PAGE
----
For UAC subsidiary Irkut, the Farnborough Airshow is a great chance to connect with Western partners and prospective customers for its MC-21 narrowbody airliner development. The group claims that the new design’s composite wing will give it an operating cost advantage even over the new re-engined Airbus A320neo and Boeing 737Max airliners.
A single Superjet 100 “product chalet,” occupied by officials from both Venice-based Superjet International (SJI) and Russia’s Sukhoi Civil Aircraft (SCAC) here in Farnborough, reflects a conscious effort by the two companies to more effectively integrate their operations. The joint presence here marks something of a milestone in the evolution of the two companies’ relationship, Superjet International CEO Nazario Cauceglia told AIN during an interview just before the start of the show.
The successful consolidation of key parts of Russia’s aerospace industry into the United Aircraft Corporation (UAC) is more evident at this year’s Farnborough International Airshow then at any time since the group’s formation back in February 2006.
Ilyushin Finance Co. (IFC), Russia’s largest aircraft lessor, says it has lined up various prospective customers to discuss deals for Bombardier CSeries and Sukhoi Superjet aircraft. “We come here to see our airline customers in the first place. Meetings at the show have been arranged with twelve carriers interested in the CSeries and five ones considering the Superjet,” said IFC general manager Alexander Roubtsov. “Besides, we will host a number of events devoted to the Q series and the MC-21. Talking to banks is also important.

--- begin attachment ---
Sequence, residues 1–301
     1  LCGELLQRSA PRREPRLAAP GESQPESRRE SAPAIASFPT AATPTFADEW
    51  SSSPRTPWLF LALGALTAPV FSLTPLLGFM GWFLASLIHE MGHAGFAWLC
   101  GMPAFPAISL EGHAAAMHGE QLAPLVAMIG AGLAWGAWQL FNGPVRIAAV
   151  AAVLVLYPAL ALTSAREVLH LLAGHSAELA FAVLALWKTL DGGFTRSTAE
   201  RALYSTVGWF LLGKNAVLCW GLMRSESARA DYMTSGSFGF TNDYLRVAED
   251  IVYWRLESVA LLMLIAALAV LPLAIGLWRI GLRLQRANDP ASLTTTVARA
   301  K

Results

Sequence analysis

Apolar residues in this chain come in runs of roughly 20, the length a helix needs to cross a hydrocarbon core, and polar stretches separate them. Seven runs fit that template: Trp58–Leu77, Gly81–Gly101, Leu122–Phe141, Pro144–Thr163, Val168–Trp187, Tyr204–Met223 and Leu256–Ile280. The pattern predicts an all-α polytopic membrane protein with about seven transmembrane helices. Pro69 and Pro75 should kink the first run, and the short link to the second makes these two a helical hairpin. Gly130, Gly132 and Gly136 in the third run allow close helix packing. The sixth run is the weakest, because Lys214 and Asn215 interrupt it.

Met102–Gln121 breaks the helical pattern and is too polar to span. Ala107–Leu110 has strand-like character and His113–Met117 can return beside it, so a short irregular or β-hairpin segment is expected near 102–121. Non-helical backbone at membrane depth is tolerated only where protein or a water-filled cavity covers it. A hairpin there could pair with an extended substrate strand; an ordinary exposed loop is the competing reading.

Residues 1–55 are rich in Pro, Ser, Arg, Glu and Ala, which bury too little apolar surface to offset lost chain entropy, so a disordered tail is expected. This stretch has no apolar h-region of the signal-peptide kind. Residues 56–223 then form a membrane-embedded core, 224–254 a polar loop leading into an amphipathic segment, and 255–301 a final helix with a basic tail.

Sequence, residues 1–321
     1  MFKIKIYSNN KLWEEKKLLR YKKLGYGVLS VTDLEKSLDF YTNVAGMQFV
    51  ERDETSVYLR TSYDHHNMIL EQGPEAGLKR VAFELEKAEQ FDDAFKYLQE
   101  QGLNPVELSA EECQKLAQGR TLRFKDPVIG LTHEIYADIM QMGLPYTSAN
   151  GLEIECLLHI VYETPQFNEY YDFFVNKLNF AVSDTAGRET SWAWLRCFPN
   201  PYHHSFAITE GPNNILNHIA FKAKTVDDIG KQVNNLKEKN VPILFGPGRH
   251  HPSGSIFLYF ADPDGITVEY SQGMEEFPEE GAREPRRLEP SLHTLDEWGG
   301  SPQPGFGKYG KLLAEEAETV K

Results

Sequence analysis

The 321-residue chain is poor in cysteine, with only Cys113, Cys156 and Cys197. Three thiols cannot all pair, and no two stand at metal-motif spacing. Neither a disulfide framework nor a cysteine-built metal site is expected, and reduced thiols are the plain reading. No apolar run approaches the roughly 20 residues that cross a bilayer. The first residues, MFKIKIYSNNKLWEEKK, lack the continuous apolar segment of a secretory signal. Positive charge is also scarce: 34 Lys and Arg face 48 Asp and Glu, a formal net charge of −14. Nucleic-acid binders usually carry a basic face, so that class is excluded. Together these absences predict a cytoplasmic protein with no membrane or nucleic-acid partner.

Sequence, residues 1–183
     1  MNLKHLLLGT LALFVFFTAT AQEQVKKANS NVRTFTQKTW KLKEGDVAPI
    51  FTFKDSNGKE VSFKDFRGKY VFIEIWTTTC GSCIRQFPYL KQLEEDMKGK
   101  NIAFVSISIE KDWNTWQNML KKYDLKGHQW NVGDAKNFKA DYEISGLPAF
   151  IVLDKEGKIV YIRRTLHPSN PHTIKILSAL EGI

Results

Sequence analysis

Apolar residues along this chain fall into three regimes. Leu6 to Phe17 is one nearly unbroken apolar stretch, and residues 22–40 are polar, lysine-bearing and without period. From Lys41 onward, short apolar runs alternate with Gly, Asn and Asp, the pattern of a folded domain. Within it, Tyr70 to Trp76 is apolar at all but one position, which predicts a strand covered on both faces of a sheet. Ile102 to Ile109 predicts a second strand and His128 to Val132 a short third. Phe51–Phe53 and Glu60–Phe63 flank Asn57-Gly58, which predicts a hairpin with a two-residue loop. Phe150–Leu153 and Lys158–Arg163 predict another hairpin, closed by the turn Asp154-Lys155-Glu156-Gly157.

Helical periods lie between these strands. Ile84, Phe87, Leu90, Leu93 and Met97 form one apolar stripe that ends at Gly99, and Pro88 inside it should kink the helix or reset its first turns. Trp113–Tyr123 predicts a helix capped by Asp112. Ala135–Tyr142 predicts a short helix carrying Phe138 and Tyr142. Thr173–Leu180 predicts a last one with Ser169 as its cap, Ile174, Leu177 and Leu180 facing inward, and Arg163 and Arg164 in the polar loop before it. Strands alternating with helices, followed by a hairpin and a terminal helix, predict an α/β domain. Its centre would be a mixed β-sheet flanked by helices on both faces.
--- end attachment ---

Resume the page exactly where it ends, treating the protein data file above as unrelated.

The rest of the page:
The first Sukhoi Superjet 100 destined for the new regional division of Russia’s UTair rolled out of its paint hangar at Spektr-Avia in Ulyanovsk, Russia, on May 29. Scheduled for delivery to UTair Express by early this month, the airplane features a special livery developed by UTair Group and Sukhoi Civil Aircraft. Featuring bright folk patterns in the traditional Russian style, the paint job took more than 120 gallons of enamel and 3,600 feet of stencil to complete.
Efforts by Iraq’s embattled Prime Minister Nouri Al-Maliki to urgently acquire combat aircraft to assist with the battle against Isis rebels have already born fruit in the form of Sukhoi Su-25 “Frogfoot” attack aircraft from Russia and Iran.
Aeroflot accepted its tenth Sukhoi Superjet SSJ100 on June 26 in the so-called Full version, Sukhoi Civil Aircraft (SCAC) announced on Monday, thereby completing the transition of the fleet from 10 SSJ100 Lights, all of which the Russian flag carrier has returned.
A prototype of the Sukhoi T-50 Russian fighter caught fire while landing at the Zhukovsky test base near Moscow on June 10. First reports about the mishap surfaced on local radio stations broadcasting road traffic incidents, when the fifth-generation warplane was seen trailing smoke on the approach. It was Bort number 55, the fifth and most recent T-50 prototype, which made its first flight on Oct. 27, 2013.
Russia’s Sukhoi Civil Aircraft has long claimed its Superjet 100 offers a level of technical sophistication that surpasses that of any Western regional jet on the market. Now, a new funding system state-controlled Vnesheconombank (VEB) devised with Sukhoi to support export sales of the Superjet 100 promises to place the Russian regional jet on equal footing with Western models in terms of financing cost as well, according to VEB deputy chairman Alexander Ivanov.
BBA subsidiary Ontic (Booth No. 7333) has signed its fourth license agreement for military and commercial electronics with Curtiss-Wright, as part of its Extended Life Solutions program. The products–logic modules, smoke detector sensors, power supplies and power converters–are designed for use on the Sikorsky Black Hawk, all variants; the Sukhoi Superjet 100; and Boeing 747, 757 and 767. The products will be transitioned from Curtiss-Wright’s City of Industry, Calif. facility into Ontic’s Chatsworth, Calif. manufacturing center.
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